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My grandparents were racist. Here’s how I moved on with my head held high.

The author, Carolyn Copeland, circa 1998, when she was about 7, with her father, Brian Copeland, her mother, Mary Copeland, and her brothers Casey, left, and Adam. (Carolyn Copeland)

My grandparents loved to take photos, but there are no pictures of them holding me as a baby. They weren’t in attendance at my birth, my baptism or any of my birthdays. That’s because for the first few years of my life, my grandparents rejected me and my two brothers because we are black.

I’ve hesitated over the years to share my story publicly out of fear that I would embarrass or hurt the people in my extended family, but with the demonstrations taking place around the country after the police killing of George Floyd, I feel it has never been a more important time to reveal my personal experience with racism and explain the different ways it has shown its face within my family. The age of “going along to get along” is over.

From the moment my white mother started dating my black father in the late 1980s, her father disowned her. From that point forward, on my grandfather’s orders, my parents were disinvited from all family gatherings. My grandmother — who said from the beginning that she was against the idea — still complied. Neither attended my parents’ wedding.

A dad posted joyful photos of black fathers to shatter stereotypes. Then it became a movement.

Once, after hearing about a large family event that had happened not far from our home in the San Francisco Bay area, my mother confronted my aunt about not inviting our family.

“We had to make a decision,” my aunt told her. “And we decided we wanted our kids to have their grandparents in their life.”

In other words, it was easier and more comfortable to put up with racism than to have us there. To be fair, some members of the family did confront my grandparents about it, but that didn’t stop them from abiding by my grandfather’s rules.

After a few years, my grandmother made small efforts to visit with us alone. Once, my mother drove us to visit with her outside her house in Novato, Calif. My older brother and I sat in the car while our mother chatted with our grandmother on the sidewalk. After mentioning that we needed to use the restroom, my grandmother said her goodbyes so that my mother could go find one for us at a nearby gas station. My brother and I weren’t allowed indoors. This is my very first memory of my grandmother.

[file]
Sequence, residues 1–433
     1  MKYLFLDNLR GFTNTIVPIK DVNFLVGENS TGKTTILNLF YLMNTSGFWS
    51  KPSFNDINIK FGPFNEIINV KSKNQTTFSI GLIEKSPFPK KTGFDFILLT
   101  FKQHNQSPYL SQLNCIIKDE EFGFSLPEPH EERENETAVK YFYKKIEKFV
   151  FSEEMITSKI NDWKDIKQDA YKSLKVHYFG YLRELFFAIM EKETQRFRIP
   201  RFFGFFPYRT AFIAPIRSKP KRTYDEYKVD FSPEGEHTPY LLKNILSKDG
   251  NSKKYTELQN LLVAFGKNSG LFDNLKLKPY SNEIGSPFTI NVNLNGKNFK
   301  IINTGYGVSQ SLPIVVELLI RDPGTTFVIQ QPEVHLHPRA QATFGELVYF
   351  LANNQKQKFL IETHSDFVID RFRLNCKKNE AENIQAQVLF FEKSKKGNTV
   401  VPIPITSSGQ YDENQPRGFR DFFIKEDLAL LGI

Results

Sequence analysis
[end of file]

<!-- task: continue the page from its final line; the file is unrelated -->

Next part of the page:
My grandmother and I actually have the same first name. I share the name with both my white and black grandmothers, who coincidentally had the same name. My parents say I was named after both of them, but I’m certain that if my dad’s mother had a different name, my name wouldn’t be Carolyn.

My relationship with my grandparents shifted after a back surgery briefly left my grandfather bedridden and he had a realization. I can’t say for certain what it was that got him to open up his mind a little bit, but we were permitted to attend family events from then on.

Things began to change slowly, but to me and my immediate family, race was always the elephant in the room. My brothers and I even began to make a joke out of it and played a game for years that we called “find the black people” whenever we attended large family gatherings. It was an impossible game because that side of our family never invited black people.

The racism didn’t end once we were given the green light to attend family events — it was just less obvious. There were comments and cues over the years by my grandfather, like when he’d introduce me to someone as “Carolyn,” while introducing my cousins to that same person as “my granddaughter.” They were small things, but I noticed.

As a teenager, I decided it was time to clear the air. I knew I was old enough to have a mature discussion about race and thought I’d have a chance at getting through to my grandmother. I poured my heart out to her in an email. I told her how her actions hurt me, how I still didn’t feel fully accepted by her and my grandfather, and how I couldn’t understand why someone who claims they aren’t racist would comply with their husband’s orders to reject their own grandchildren. In hindsight, sending an email wasn’t the right call.